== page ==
Hollywood Is Coming Apart At It’s Seams, And The Starlets Are Making It Happen.
No matter what your politics are, or what you actually believe is fake, or real news… Sexual Assault, and extortion are NOT okay. Especially if you’re a male trying to force a female to get nasty with you.
Harvey Weinstein Is, and always will be a Sexual Predator. He should never show his face in public again. What he’s done to Hollywood is both good, and bad. Make you own judgment about that statement, but I see some good coming from this. Weinstein has opened a HUGE portal to the underground sexual chambers that many in Hollywood are afraid to speak out against. Too many women have become victims before this all blew up.
Salma Hayek recently wrote in the NY-Times about her experience with Weinstein. Her story is a dark, and sad one. Here is a snippet of what happened.
*Warning* The Talk Of Murder, and Rape are just the tip of the iceberg!
By Salma Hayek:
HARVEY WEINSTEIN WAS a passionate cinephile, a risk taker, a patron of talent in film, a loving father, and a monster.
For years, he was my monster.
This fall, I was approached by reporters, through different sources, including my dear friend Ashley Judd, to speak about an episode in my life that, although painful, I thought I had made peace with.
I had brainwashed myself into thinking that it was over and that I had survived; I hid from the responsibility to speak out with the excuse that enough people were already involved in shining a light on my monster. I didn’t consider my voice important, nor did I think it would make a difference.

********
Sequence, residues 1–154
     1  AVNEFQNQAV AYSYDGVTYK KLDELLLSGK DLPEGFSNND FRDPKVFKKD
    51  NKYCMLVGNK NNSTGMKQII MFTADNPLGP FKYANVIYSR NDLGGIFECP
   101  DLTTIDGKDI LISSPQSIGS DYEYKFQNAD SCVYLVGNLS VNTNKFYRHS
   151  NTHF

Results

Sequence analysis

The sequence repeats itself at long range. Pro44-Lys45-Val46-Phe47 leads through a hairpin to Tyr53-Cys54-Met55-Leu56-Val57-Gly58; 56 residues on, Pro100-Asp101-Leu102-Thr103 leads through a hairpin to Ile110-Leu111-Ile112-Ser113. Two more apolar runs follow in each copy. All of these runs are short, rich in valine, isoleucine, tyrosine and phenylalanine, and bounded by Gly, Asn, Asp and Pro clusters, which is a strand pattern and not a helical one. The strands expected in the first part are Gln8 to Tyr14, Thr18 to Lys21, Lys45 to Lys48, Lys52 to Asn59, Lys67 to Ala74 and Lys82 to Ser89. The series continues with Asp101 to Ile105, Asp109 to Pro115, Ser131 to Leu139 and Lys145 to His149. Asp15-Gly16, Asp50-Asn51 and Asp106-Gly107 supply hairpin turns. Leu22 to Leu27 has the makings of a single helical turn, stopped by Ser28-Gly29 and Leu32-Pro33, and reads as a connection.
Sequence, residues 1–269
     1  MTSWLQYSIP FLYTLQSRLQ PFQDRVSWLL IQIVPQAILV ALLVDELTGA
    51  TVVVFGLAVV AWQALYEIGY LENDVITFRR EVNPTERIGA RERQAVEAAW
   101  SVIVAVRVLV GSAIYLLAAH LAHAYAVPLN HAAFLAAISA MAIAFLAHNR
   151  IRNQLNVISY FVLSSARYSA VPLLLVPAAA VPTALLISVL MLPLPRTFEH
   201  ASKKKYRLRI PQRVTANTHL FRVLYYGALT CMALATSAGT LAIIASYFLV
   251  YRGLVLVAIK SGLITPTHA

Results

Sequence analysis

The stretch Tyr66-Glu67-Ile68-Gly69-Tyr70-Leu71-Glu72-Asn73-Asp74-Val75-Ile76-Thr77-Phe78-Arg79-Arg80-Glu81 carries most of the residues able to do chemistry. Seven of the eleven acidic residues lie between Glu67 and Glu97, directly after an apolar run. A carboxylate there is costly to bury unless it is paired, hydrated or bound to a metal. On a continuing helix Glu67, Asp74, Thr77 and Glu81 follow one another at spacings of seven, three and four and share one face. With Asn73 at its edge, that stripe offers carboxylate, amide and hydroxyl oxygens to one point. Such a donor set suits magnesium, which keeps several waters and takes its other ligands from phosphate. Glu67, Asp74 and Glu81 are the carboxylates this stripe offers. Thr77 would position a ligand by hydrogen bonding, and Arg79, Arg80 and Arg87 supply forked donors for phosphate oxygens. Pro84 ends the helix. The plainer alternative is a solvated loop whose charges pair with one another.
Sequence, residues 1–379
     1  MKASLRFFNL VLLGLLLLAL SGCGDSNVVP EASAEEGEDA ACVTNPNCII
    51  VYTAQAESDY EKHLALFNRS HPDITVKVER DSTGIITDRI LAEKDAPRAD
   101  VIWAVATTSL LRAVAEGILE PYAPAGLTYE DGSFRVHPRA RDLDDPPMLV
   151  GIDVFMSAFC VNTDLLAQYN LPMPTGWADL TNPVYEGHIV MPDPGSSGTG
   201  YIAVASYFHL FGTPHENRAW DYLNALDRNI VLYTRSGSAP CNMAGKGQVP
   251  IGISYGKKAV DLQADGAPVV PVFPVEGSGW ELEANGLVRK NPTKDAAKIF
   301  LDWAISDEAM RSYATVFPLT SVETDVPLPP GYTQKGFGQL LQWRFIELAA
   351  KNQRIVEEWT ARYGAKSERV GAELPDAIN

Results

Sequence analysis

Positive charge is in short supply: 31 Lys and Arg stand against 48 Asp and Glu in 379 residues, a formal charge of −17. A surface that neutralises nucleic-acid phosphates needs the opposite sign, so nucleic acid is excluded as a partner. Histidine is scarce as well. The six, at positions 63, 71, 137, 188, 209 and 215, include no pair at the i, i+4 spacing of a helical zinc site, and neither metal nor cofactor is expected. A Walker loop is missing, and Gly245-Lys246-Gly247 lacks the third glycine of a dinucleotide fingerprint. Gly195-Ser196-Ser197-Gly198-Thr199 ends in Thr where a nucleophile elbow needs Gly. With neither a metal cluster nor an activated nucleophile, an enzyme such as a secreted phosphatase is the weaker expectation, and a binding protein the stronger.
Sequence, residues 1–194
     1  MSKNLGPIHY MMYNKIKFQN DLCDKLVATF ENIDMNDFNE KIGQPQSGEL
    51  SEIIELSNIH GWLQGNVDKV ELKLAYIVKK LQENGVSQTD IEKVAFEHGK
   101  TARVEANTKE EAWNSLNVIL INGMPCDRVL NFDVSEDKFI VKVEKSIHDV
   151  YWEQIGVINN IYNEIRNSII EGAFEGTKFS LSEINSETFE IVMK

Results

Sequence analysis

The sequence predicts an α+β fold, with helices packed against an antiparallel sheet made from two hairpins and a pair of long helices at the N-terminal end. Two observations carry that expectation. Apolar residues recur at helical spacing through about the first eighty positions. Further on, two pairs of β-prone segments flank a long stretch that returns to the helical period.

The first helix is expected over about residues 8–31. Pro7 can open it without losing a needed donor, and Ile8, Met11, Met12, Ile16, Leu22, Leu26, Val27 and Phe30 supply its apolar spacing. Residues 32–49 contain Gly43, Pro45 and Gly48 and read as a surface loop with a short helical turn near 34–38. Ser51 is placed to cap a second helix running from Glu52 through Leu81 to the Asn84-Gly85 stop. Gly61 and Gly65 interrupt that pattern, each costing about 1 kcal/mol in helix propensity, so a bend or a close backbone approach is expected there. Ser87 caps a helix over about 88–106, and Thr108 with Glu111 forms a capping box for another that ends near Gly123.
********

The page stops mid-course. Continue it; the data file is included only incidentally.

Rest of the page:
In reality, I was trying to save myself the challenge of explaining several things to my loved ones: Why, when I had casually mentioned that I had been bullied like many others by Harvey, I had excluded a couple of details. And why, for so many years, we have been cordial to a man who hurt me so deeply. I had been proud of my capacity for forgiveness, but the mere fact that I was ashamed to describe the details of what I had forgiven made me wonder if that chapter of my life had really been resolved.
When so many women came forward to describe what Harvey had done to them, I had to confront my cowardice and humbly accept that my story, as important as it was to me, was nothing but a drop in an ocean of sorrow and confusion. I felt that by now nobody would care about my pain — maybe this was an effect of the many times I was told, especially by Harvey, that I was nobody.